Friday, 11 February 2011

The Birds - Directed by Alfred Hitchcock

This film centres around Melanie Daniels, who becomes fascinated by Mitch Brenner and travels to the island the family lives on to bring a pair of love birds for his young sister Cathy. Upon her arrival events seem strange and a reaction takes place with the birds that inhabit the island. The birds are a metaphor symbolised in their shrieking sounds and sharp pecking which relates to the Greek mythology of the Harpy, which described women as bird - like. "But even if Hitchcock or screenwriter Evan Hunter did not intend to provide a solid reason for the attacks, their work does present a subtext and pattern of dialogue and events that can be interpreted. I believe that a persuasive case can be made that the birds are the manifestation of the mother's rage at rivals for her son's affection." (Merde, 2009) This evidence suggests how the actions of the birds could be a metaphor to the mother's discomfort to any girl that becomes involved with Mitch because she wants to look after him. In the film the mother appears distant to Melanie because she is unsure whether to like or trust her as Melanie is a rival for her son's love and it is only at the end when Melanie is injured that she feels more comfortable as she has someone else to care for and her role as the protective mother is restored.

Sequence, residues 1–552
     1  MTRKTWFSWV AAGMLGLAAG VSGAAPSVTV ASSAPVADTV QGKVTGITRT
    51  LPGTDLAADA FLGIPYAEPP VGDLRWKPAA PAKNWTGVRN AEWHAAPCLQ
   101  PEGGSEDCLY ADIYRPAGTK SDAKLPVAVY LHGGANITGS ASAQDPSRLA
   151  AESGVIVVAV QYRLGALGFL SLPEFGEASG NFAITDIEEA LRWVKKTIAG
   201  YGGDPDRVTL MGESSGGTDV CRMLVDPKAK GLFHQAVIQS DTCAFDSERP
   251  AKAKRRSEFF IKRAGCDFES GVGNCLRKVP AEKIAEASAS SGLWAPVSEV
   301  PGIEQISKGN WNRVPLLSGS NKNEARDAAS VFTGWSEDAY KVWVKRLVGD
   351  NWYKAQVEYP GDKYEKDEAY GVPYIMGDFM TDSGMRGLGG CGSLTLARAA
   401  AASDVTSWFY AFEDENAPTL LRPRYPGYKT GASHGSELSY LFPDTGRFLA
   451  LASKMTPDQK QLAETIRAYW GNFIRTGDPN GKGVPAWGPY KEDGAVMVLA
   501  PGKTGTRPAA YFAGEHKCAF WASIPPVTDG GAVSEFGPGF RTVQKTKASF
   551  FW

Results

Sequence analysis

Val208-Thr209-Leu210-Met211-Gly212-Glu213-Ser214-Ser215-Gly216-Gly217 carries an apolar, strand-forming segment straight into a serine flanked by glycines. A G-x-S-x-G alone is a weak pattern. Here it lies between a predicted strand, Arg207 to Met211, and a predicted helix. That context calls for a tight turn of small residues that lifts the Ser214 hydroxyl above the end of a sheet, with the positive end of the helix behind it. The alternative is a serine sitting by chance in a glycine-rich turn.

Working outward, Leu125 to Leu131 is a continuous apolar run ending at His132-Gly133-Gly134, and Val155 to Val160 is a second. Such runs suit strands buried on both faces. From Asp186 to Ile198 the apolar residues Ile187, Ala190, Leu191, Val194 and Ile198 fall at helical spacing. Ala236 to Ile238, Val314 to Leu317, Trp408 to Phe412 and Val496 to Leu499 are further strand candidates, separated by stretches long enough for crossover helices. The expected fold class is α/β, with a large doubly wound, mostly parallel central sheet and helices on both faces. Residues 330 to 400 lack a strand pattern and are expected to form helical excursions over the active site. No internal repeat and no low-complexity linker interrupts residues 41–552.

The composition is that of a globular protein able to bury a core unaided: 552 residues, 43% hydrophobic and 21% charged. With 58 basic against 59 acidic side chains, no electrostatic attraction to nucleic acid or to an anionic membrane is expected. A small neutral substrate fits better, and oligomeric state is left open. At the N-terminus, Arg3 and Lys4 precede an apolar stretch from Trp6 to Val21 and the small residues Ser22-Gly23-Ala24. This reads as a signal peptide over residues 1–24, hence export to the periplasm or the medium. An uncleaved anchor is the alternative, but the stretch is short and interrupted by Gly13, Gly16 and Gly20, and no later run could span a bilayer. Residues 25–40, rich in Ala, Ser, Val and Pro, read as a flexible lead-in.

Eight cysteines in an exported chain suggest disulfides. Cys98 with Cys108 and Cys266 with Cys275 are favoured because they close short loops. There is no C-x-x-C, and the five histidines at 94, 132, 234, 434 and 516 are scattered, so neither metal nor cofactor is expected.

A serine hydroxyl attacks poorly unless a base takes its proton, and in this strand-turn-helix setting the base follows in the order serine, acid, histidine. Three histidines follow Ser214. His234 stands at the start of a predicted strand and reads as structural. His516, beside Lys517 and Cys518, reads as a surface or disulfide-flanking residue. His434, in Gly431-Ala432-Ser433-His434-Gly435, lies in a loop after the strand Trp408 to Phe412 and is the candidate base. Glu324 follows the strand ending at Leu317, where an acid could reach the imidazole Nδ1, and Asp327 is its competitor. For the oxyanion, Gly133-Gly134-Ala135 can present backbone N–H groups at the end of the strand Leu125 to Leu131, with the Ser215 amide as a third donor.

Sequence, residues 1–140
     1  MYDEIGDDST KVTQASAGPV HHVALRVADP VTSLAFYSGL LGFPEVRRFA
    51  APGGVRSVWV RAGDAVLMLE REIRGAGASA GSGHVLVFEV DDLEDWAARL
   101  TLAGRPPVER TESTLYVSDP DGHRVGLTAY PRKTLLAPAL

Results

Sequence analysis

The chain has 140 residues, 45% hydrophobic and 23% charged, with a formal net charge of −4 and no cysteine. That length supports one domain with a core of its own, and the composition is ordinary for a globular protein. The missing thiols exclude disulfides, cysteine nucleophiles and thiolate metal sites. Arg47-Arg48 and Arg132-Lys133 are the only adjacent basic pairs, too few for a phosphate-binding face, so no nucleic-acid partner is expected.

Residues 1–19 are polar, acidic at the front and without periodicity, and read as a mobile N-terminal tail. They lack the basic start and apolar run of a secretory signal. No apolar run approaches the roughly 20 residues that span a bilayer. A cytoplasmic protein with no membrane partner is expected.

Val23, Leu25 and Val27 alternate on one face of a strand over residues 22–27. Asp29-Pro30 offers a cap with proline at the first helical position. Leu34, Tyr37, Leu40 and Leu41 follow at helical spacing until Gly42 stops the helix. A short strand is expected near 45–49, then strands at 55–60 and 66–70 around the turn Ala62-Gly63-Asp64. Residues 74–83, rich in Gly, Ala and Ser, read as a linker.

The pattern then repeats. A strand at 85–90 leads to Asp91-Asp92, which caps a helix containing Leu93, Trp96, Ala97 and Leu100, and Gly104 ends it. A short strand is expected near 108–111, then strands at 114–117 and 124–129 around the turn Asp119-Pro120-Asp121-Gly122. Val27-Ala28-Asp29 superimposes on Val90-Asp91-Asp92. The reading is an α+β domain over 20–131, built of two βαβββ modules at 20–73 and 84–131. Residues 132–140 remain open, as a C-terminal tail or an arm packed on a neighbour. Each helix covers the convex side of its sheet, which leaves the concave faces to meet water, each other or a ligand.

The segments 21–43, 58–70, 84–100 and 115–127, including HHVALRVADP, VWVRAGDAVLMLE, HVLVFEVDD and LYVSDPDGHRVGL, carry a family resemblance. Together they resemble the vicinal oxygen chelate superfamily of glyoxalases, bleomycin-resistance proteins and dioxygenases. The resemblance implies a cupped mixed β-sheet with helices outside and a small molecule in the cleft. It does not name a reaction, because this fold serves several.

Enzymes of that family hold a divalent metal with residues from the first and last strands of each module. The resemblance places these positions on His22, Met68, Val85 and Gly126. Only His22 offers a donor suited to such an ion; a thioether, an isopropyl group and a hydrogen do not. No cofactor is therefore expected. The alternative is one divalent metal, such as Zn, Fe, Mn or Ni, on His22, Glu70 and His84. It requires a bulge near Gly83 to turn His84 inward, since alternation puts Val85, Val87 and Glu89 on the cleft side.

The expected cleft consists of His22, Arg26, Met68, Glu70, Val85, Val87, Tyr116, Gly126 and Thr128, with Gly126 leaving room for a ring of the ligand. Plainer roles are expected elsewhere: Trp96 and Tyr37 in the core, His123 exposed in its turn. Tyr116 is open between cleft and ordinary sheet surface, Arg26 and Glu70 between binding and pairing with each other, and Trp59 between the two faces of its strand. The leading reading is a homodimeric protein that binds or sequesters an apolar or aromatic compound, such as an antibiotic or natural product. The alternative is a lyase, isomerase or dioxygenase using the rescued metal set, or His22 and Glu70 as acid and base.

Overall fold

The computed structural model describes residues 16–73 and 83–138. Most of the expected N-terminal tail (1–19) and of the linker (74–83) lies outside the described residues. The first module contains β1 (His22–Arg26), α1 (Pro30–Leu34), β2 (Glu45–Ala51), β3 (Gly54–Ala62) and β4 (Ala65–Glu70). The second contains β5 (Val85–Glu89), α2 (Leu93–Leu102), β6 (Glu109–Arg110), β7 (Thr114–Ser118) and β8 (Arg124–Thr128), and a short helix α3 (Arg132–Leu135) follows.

Figure 1, (2011), The Birds still of Melanie and Annie

Figure 2, (2011), The Birds still of Melanie and Mrs Bundy

The camera angles made the film more dynamic to gain fast pace action shots. There was close up shots to zoom in on the individual people that were being attacked especially during the crow chase scene, where the school was trying to escape. The best example is the scene where Melanie takes cover, the angle feels as if the viewer is trapped in this confined space with her and seeing the birds dive at the glass. There is also point of view as the glass cracks and the moment when the birds swoop towards her, this moment visually show the terror of becoming trapped with a swarm closing in. There is a rememrable scene of where the crows slowly gather round a climbing frame in the school playground which shows a clever use of fast cut between scenes. Melanie sits on a beach close by and as it cuts back to the climbing frame the flock of crows increases, depicting how time passes for their numbers to grow until the climbing frame and nearby fences and objects are completely covered.

Figure 3, (2011), The Birds still of phone booth scene

 Figure 4, (2011), The Birds still of Crow gathering